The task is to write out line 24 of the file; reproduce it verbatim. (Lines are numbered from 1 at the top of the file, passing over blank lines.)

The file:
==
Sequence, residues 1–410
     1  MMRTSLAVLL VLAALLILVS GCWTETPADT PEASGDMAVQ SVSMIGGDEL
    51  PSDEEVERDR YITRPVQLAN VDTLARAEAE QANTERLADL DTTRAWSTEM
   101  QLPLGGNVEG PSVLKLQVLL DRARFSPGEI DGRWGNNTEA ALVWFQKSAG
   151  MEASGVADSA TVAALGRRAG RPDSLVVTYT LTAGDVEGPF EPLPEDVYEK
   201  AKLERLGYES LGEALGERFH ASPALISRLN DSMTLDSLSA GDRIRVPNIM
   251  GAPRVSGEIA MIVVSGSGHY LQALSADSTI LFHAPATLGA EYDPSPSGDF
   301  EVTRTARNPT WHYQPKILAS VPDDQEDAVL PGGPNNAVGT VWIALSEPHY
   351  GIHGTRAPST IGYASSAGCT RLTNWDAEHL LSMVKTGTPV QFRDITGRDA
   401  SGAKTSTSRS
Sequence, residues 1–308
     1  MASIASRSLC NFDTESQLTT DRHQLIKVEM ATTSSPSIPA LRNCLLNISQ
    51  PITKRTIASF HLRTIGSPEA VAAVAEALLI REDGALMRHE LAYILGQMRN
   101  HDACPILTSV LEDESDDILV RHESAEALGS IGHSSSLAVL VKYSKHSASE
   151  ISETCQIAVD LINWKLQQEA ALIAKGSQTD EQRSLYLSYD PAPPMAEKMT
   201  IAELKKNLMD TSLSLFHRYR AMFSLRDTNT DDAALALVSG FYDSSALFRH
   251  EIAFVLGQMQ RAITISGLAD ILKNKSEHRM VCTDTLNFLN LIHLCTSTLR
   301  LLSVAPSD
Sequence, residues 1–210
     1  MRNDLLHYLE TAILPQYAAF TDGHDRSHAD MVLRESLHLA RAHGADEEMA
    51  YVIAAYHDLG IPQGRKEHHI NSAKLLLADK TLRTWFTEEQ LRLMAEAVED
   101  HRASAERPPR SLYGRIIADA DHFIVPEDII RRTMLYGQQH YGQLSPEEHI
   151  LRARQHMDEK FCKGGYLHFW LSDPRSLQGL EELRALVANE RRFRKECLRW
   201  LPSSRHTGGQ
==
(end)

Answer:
   201  LPSSRHTGGQ